Investigators are questioning some of the hostages who were rescued from Saturday morning's attack on an upscale restaurant in the Bangladeshi capitol of Dhaka that left 20 patrons and two police officers dead.
Officials say five of the 13 hostages rescued are still being held.It was not clear if the five are suspects or being questioned simply because authorities believe they could provide information that may be helpful in determining the origins of the attack.
Bangladeshi police chief A.K.M. Shahidul Haque said Monday that two men, including a suspected militant, are being interrogated. He declined to say whether the two men had been among those counted as hostages but acknowledged they were being treated in a hospital for injuries.
Meantime, Bangladesh Prime Minister Sheikh Hasina paid her respects Monday at a ceremony honoring those killed during the siege.
The memorial featured flags and ambassadors representing those killed who were from India, Italy, Japan and the United States.Hasina spoke with family members of the victims.
The ceremony came on the second of two days of national mourning.
Islamic State has claimed responsibility for the terrorist attack, but any direct connection to the militant group has not been confirmed, and government officials deny IS involvement.
Bangladesh's home minister said Sunday the seven attackers, six of whom were killed, had absolutely no connection with Islamic State.
Home Minister Asaduzzaman Khan said instead the jihadists were members of a homegrown militant group — Jumatul Mujahedeen Bangladesh, or JMB — which has been banned in the country for more than a decade.
National police chief Shahidul Hoque said authorities are investigating the possibility the attackers had ties with IS.
Kerry calls Hasina
U.S. Secretary of State John Kerry called Prime Minister Hasina Sunday to express condolences and offer support.A State Department release said Kerry "encouraged the government of Bangladesh to conduct its investigation in accordance with the highest international standards."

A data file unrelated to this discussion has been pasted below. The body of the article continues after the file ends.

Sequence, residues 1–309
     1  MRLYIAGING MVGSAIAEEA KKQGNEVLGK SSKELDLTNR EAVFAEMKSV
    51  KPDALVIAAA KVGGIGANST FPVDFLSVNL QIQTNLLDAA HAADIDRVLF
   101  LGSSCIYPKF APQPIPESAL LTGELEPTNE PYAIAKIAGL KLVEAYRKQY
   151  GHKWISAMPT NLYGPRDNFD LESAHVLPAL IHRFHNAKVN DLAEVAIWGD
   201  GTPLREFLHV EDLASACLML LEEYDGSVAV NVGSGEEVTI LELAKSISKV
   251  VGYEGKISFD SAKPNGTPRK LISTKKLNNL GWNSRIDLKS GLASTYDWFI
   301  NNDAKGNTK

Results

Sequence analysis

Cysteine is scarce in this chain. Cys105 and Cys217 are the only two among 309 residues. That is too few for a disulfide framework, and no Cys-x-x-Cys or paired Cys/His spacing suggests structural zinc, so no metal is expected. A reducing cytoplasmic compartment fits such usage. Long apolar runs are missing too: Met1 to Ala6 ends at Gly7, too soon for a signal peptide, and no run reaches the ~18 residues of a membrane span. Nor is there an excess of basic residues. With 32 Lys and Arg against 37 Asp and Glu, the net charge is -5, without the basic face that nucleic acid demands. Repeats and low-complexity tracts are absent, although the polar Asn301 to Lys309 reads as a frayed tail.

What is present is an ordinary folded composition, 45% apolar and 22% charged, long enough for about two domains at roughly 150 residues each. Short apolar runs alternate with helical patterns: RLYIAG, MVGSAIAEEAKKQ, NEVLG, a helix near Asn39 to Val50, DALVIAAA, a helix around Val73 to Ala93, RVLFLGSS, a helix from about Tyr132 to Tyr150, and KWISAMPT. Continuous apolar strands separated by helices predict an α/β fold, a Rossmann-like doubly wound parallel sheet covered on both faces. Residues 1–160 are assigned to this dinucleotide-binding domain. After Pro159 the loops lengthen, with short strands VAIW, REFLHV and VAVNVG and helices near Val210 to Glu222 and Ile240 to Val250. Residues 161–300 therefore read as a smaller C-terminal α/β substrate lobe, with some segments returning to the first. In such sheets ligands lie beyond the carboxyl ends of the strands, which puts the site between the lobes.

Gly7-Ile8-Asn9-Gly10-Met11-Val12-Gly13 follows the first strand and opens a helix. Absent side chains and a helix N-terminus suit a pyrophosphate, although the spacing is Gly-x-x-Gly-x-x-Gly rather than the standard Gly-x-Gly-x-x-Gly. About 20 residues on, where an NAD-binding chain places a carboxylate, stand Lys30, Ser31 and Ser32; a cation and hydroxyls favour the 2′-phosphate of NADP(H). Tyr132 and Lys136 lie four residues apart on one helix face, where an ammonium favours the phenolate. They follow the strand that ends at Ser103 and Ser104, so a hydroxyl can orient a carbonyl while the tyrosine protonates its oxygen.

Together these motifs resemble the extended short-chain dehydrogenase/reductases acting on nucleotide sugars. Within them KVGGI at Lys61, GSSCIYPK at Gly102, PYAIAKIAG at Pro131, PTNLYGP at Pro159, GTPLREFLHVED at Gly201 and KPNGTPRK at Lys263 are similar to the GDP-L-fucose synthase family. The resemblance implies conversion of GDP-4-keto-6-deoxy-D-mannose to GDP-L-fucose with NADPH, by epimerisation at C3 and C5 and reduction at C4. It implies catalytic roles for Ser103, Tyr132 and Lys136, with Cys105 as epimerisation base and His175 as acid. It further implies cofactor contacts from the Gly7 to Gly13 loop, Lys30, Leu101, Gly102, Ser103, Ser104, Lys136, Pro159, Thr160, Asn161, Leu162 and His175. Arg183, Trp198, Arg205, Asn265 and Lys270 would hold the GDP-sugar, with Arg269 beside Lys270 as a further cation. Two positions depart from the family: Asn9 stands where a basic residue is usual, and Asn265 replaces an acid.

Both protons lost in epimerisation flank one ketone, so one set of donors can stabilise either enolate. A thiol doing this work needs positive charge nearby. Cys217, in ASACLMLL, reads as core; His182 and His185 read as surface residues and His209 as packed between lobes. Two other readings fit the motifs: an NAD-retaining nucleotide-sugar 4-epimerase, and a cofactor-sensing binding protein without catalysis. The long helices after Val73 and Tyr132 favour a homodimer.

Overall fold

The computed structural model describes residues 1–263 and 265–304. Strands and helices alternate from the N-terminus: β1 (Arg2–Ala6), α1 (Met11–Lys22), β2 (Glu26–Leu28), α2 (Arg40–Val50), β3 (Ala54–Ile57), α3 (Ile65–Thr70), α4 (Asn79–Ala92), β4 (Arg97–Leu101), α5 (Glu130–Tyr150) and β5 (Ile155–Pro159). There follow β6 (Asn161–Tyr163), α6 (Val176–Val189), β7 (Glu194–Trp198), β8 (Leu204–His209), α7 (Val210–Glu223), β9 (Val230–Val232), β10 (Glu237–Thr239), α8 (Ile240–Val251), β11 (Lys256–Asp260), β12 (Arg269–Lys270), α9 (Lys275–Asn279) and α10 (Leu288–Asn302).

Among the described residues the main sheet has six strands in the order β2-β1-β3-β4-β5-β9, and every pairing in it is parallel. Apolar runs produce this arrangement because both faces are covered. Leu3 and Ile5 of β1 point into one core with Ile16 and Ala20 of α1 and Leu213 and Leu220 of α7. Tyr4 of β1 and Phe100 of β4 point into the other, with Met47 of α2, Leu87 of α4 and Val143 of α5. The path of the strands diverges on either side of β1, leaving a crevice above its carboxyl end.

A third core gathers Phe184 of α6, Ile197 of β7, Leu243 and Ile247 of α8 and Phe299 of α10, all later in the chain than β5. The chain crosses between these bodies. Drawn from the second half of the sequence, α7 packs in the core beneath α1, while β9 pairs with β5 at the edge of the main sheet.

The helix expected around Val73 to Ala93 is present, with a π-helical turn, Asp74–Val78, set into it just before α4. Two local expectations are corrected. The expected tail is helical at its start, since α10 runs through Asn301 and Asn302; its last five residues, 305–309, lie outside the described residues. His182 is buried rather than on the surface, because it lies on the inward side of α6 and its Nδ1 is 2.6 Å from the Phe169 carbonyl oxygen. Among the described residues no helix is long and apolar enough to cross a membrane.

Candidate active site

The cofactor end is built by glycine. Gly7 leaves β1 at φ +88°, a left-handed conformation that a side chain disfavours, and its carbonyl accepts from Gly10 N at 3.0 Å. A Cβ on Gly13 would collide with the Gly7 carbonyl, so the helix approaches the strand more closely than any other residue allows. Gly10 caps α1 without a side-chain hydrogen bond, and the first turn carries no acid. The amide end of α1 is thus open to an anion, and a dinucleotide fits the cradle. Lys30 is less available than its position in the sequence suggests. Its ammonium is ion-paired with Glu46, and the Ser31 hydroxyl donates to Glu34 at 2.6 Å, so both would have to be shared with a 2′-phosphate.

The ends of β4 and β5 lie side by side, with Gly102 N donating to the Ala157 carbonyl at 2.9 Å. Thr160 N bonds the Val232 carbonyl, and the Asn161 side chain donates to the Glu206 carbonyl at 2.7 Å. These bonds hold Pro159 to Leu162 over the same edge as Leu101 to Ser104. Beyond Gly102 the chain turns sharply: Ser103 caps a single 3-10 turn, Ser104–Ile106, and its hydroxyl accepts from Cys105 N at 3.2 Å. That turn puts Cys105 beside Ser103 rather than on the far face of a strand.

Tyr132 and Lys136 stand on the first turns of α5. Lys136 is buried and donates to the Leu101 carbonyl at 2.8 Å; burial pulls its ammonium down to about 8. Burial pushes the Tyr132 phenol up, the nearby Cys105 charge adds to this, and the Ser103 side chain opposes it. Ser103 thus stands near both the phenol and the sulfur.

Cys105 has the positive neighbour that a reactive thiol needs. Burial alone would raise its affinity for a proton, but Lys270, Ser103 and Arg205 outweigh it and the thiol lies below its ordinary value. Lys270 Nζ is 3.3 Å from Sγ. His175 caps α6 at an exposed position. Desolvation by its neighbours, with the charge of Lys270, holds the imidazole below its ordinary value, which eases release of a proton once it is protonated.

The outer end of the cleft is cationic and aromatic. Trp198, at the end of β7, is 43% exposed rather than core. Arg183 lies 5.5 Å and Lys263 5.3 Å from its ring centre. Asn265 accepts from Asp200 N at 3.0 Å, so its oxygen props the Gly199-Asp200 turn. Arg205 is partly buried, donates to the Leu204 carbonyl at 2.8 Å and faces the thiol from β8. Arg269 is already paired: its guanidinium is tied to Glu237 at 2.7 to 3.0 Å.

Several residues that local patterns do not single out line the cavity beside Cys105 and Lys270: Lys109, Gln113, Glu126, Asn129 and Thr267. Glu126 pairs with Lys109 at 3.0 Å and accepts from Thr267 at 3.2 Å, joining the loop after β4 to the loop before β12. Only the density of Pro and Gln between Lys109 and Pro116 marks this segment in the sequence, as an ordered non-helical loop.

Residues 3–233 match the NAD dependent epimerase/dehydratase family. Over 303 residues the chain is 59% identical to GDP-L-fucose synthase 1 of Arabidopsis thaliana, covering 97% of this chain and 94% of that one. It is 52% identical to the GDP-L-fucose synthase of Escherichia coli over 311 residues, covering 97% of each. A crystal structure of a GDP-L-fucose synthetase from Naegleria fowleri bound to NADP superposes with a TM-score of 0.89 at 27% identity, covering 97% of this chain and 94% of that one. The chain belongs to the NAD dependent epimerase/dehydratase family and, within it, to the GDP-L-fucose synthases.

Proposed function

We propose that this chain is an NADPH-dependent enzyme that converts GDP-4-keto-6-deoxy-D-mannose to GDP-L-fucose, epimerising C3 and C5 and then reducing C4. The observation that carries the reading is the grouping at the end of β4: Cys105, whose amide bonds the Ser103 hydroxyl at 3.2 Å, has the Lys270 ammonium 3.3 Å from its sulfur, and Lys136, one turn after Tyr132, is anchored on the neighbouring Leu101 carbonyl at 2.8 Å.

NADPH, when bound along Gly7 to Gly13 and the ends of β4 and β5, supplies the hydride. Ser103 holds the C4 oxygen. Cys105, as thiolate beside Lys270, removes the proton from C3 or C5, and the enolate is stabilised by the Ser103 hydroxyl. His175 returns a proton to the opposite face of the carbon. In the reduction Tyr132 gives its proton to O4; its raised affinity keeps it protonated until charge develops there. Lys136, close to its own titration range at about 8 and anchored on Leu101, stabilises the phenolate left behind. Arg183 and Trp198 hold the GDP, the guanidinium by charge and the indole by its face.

He also offered assistance from U.S. law enforcement, including the Federal Bureau of Investigation.
Bangladeshi police released photos and the first names of five of the six attackers who were killed.Police said their families had not been in contact with them for months.
The government has long insisted IS has no presence in the country.Prime Minister Hasina's government has blamed a string of attacks in the country on her political foes, saying they back militant groups in the country in an attempt to create chaos.
Among those killed are nine Italians, seven Japanese nationals, two Bangladeshis, one Indian and one American.Three of the victims were students at universities in the United States.Two Bangladeshi police officers were also killed early in the siege.Security forces rescued 13 hostages.
A U.N. spokesman said Secretary-General Ban Ki-moon hopes those behind the attack will be brought to justice and that regional and international efforts to prevent and fight terrorism must be intensified.
In a televised address to the nation Saturday, Bangladesh Prime Minister Hasina said her country would not let "conspirators succeed in their mission" to tarnish its image.She urged all citizens of Bangladesh to "come forward and help fight terrorism."
The attack began late Friday when the gunmen entered the Holey Artisan Bakery located in the diplomatic zone of Dhaka
The siege ended hours later when security forces stormed the building, killing six attackers and capturing one.Most of the victims were hacked to death, and their killers sent photographs of the carnage to Islamic State during the standoff.
String of terror attacks
Bangladesh has seen a number of attacks in recent months, mostly targeting secular bloggers, atheists and religious minorities.IS terrorists and al-Qaida in the Indian subcontinent (AQIS) have claimed responsibility for many of the attacks.
The United States declared AQIS a "foreign terrorist organization" Thursday and called its leader, Asim Umar, a "specially designated global terrorist."
Al-Qaida leader Ayman al-Zawahiri announced the formation of the group on the Indian subcontinent in 2014 and Umar has appeared in al-Qaida publications as the leader of the Indian offshoot. Umar is believed to be based in Pakistan, but was born in India in the mid-1970s.